2015 | Politics

Restaurant Owners Speak out in Support of Privatizing Portion of Liquor Control Department

Move to allow private wholesalers to sell craft beer and fine wine would solve some issues, owners say

Mark Moore, owner of Tyber Bierhaus in Bethesda, speaks during the public hearing Tuesday

The refrain from Montgomery County restaurant owners at a public hearing Tuesday is familiar to the members of the County Council’s ad hoc committee on liquor control.

It goes something like this—the county’s Department of Liquor Control (DLC) regularly fails to deliver or isn’t able to get special beer and wine products and that is hurting their businesses.

The committee held the public hearing to get input on its latest proposal—to send a resolution to the General Assembly that would allow private distributors to sell certain craft beers and fine wines in the county.

The resolution would eliminate a small portion of the DLC’s monopoly on the wholesale distribution of alcohol in the county, but keep in place the department’s unique control over distributing mass-produced alcohol products and its position as the exclusive retailer of liquor in the county.

At the hearing, business owners said privatizing special orders would help.

“The legislation would vastly improve my situation personally,” Mark Moore, owner of Tyber Bierhuas in Bethesda, said. Moore explained that his restaurant, which specializes in serving German, Belgian and Czech beers, typically is only able to fill about 15 of the restaurant’s 20 tap lines because specialty beers aren’t available or aren’t delivered.

Moore, who also operates two restaurants in Washington, D.C., said, “Whenever I order for my restaurants in D.C., I get it the next day.”

Hans Olsen, general manager at Clyde’s Tower Oaks Lodge in Rockville, said a DLC driver showed up once with the restaurant’s $10,000 order, but left and didn’t return until five days later after becoming so frustrated with the way the truck was packed.

He also said when the restaurant doesn’t have a product that has been ordered, customers blame the restaurant, not the DLC.

“Customers feel insulted when we don’t have the product,” Olsen said.

Julie Veratti, a co-founder of Denizens Brewing Co. in Silver Spring, said that the legislation would help their brewery sell more beer locally. She said that while the brewery can self-distribute their beer thanks to a recent change in the law, few bars have a significant number of taps dedicated to local beers. At most area bars, Verratti said, about 80 to 90 percent of the taps are taken up by beers made by large out-of-state breweries like Budweiser or Miller.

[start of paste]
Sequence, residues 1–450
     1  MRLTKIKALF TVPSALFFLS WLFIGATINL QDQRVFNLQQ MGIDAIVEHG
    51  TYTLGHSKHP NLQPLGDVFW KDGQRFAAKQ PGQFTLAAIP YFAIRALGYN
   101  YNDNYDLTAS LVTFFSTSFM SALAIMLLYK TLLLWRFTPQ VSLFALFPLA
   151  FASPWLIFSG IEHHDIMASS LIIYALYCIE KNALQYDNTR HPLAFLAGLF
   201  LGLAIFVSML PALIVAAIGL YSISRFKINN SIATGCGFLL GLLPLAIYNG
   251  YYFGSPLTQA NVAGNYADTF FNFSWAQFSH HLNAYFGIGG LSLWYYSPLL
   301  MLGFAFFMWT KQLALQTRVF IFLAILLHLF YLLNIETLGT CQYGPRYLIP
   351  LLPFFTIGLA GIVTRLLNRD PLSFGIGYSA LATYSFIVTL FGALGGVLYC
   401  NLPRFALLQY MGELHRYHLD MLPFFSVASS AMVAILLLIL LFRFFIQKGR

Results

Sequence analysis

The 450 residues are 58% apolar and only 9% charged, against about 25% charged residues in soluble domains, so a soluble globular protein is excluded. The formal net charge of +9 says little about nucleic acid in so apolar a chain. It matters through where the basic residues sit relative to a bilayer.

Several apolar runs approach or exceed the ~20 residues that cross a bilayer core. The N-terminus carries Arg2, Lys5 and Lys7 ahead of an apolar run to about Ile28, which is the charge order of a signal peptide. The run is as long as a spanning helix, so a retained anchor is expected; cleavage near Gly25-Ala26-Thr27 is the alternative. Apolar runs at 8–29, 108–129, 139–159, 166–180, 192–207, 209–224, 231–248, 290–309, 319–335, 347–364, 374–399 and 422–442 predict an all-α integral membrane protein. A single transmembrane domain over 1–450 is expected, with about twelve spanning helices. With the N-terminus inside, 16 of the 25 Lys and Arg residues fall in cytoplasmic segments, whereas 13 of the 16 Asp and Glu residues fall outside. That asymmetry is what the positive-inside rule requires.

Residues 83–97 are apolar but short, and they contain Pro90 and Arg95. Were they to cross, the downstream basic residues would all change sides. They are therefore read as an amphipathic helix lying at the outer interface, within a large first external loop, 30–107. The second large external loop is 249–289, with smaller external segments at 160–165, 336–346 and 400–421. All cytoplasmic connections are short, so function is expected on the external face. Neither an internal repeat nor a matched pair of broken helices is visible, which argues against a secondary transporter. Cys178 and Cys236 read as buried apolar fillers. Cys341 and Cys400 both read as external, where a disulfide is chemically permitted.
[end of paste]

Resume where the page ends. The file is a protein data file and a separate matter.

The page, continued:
"There might be one, maybe two tap handles devoted to local craft beer," Verratti said. "I believe the reason for this disparity is because of the choke hold the DLC has on distribution… . I want more competition. That's because it will change the beer culture in the county. It may sound counterintuitive, but it's much easier for me to sell my beer to a bar that has five tap lines dedicated to local craft beer than it is to a bar that has only one," Verratti said.

Silver Spring and Bethesda-Chevy Chase Chamber of Commerce representatives said they support the move toward partial privatization, but also encourage the council to begin fully privatizing the DLC.

The council has been hesitant to move in that direction. The DLC employs about 400 union workers who would likely lose their jobs if the department was privatized. And the DLC brings in about $30 million per year in profit that gets transferred to the county’s general fund.

County Council President George Leventhal said Tuesday that amount of money is about equal to the Department of Recreation’s budget.

The county is also facing a potential property tax hike next year in order to balance the fiscal year 2017 budget. County finances were hit particularly hard by the recent Supreme Court decision in the Wynne case, which ruled the state was improperly collecting some income tax. The decision is expected to cost the county about $50 million in fiscal year 2017, which begins next July.

Fritz Hirst, who spoke Tuesday as an individual, argued that the county could replace the lost DLC revenue with tax income from increased sales of alcohol in the county. He said the department’s problems could be fixed “through the magic of free enterprise.”

“My big concern is that if we don’t take action now, we’ll wait another generation before we have this conversation again,” Hirst said.

A study by the Office of Legislative Oversight that examined the DLC’s problems noted that alcohol sales in the county are much lower than surrounding jurisdictions, which the report noted may be the result of people traveling across borders to Prince George’s County, Virginia or the District to buy alcohol.

Several people who spoke Tuesday said they often left the county to go to stores with more selection and typically cheaper prices.

On the other side of the issue, Chip Berman, who chaired the county’s DLC task force in 1993, said he was pleased the DCL continues to generate funds for the county, but that the DLC “is not a business.” He said it’s an entity tasked with promoting moderate alcohol consumption and prioritizing safety to limit the problems that surround alcohol abuse.

“In that respect, Montgomery County sets a standard that most other entities would probably envy,” Berman said.